Megan Johnstone with her award-winning dissertation.

The future looks bright for a University of Chester graduate whose dissertation on enhancing solar energy efficiency and wider degree work has earned an engineering and technology award.

Megan Johnstone, who studied Mechanical Engineering, received an award from the Institute of Engineering and Technology (IET) for her first-class dissertation on an increasingly important area of research – and for outstanding efforts during her three years at the University.

She’s excited about her next steps, knowing that her degree and achievements while studying have put her on the right path to becoming an Officer in the Royal Electrical and Mechanical Engineers – and are contributing to global efforts to improve the environment.

Talking about her award-winning dissertation, she said: “Solar cells are a well-known technology for harvesting energy from light. Although they are effective, the ability to improve solar cells is always available, with room for improvement and efficiency gains to be made.

“My dissertation focused on improving light scattering to increase photon capture, leading to increased efficiency and reduced manufacturing costs while minimising surface damage.

“I was really proud that the project worked in practice. After many hours in the laser lab and analysing data it’s very rewarding to achieve a successful result.”

She added: “I actually didn’t know I was nominated for the award until I found out I had won, which was a massive surprise and I felt so honoured that my supervisor Simon felt that my work deserved a nomination.”

Megan explained that looking back, she’d definitely made the right choice in her course of study – and thankfully it had been an easy decision.

“I grew up in a military background, with my family working in engineering – and science has always been my strong point of interest so studying mechanical engineering was almost a given.” 

She continued by outlining that she couldn’t have achieved all she had without the support of others at the University.

“Throughout my time at University, Dr Simon Hodgson has been a major help, with not only my dissertation, but also with other aspects of the course. He always guided me in the right direction when I got off track or confused, but always let me have the chance to work out the answer.

“My PAT (Personal Academic Tutor), Dr Paul Folan, was also a big help throughout the three years.”

During her degree course, Megan also undertook two placements, one in a factory that produces specialised gearboxes, where she was designing, and another in a company that produces RF (Radio Frequency) equipment, where she was creating automated codes for mechanical processes. 

She really enjoyed the placements, choosing areas of particular interest.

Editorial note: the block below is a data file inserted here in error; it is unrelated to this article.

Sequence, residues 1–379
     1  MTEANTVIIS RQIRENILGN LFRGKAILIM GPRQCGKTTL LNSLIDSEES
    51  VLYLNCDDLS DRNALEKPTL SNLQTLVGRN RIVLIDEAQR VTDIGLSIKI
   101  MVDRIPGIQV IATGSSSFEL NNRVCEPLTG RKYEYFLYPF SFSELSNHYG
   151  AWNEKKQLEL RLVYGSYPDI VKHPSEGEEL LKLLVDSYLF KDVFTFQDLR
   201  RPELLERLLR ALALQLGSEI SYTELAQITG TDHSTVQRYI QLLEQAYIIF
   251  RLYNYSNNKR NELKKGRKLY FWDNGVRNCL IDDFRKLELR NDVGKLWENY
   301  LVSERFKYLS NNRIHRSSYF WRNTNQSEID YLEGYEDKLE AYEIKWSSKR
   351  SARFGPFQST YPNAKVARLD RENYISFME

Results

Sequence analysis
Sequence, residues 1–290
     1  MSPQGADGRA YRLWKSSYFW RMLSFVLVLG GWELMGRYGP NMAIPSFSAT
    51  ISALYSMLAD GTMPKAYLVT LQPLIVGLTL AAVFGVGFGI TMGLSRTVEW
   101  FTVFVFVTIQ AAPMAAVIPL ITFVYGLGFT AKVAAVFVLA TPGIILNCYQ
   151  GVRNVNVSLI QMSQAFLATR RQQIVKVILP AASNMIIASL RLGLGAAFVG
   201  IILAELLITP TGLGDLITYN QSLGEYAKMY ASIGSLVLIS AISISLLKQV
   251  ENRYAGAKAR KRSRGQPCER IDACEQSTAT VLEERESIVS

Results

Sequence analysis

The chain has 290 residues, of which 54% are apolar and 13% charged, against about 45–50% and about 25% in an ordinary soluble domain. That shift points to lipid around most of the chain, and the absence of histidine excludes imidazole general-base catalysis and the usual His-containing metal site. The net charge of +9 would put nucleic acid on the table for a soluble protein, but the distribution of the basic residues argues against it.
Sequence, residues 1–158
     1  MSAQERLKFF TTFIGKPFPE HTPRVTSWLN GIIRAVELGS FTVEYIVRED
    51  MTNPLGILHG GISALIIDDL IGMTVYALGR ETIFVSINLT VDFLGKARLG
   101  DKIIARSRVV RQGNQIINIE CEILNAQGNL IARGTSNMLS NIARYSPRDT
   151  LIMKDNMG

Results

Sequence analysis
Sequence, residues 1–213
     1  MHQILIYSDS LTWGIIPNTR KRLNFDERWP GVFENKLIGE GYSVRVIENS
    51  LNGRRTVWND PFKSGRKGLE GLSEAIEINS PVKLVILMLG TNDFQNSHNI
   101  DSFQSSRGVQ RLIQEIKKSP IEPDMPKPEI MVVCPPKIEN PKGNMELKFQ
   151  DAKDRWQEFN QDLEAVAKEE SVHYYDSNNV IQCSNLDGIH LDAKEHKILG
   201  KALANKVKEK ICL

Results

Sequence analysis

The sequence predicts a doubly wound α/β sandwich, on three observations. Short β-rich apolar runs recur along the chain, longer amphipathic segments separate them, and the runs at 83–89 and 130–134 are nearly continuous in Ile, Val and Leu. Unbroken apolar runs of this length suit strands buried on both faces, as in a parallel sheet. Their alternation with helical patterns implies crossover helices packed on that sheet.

“For new students I would suggest to always go out and look for a placement somewhere you would like to be. A placement that you don’t enjoy is no use to anyone so always aim for what you think you’ll enjoy,” she said.

But Megan’s achievements at University did not end with her academic studies, and included being part of the University rowing team for three years, competing in numerous races.

Reflecting on her University experience and offering advice to others, she added: “Never underestimate yourself. Always strive for the best and as long as you give it your all, that’s all that matters.”

Student Mia Cooper

From raising awareness of skin cancer in ethnic minority groups to the need to recycle mobile phones, students are aiming to make a difference by highlighting health, crime and environmental issues.

During the next few weeks, Media, Music and Performance students will research and bring attention to a range of issues as part of their Experiential Project in Media module, while adopting the University strategy Citizen Student approach.

They will work on real-world briefs – looking into and producing both digital and printed materials to place the spotlight on the pressing subjects.

Set by D&AD (Design and Art Direction), a global educational organisation promoting excellence in design and advertising, other subjects include knife crime which UK Government figures show to be on the rise.

They will also look at ways to encourage people to recycle and re-use old mobile phones, with increasing options now available, and with May being Skin Cancer Awareness Month, they will raise awareness of skin cancer in ethnic minority groups. Although minority groups are at a lower risk of developing skin cancer, when it occurs, they are often diagnosed at a later stage and, as a result, have a worse prognosis.

In the true spirit of the Citizen Student culture, the Experiential Project module encourages students to take control of the briefs, actively applying the skills and capacities they have developed – and to discover new abilities.

For the module, the students will be based at the COVID-secure Warrington site from Monday, April 19 for five weeks.

The module tutors, Dr Chris Hart and Dr Kate Sillitoe, Senior Lecturers in Advertising, said it was important to give students the opportunity to work on a ‘premium, purposeful, personalised’ experience of tackling real issues and problems.

Dr Hart said: “Modules such as Experiential Project in Media alongside vocationally oriented academic programmes such as Advertising, Photography, Radio and Media Studies provide concrete experiences for students to develop resilience and lifelong learning behaviours.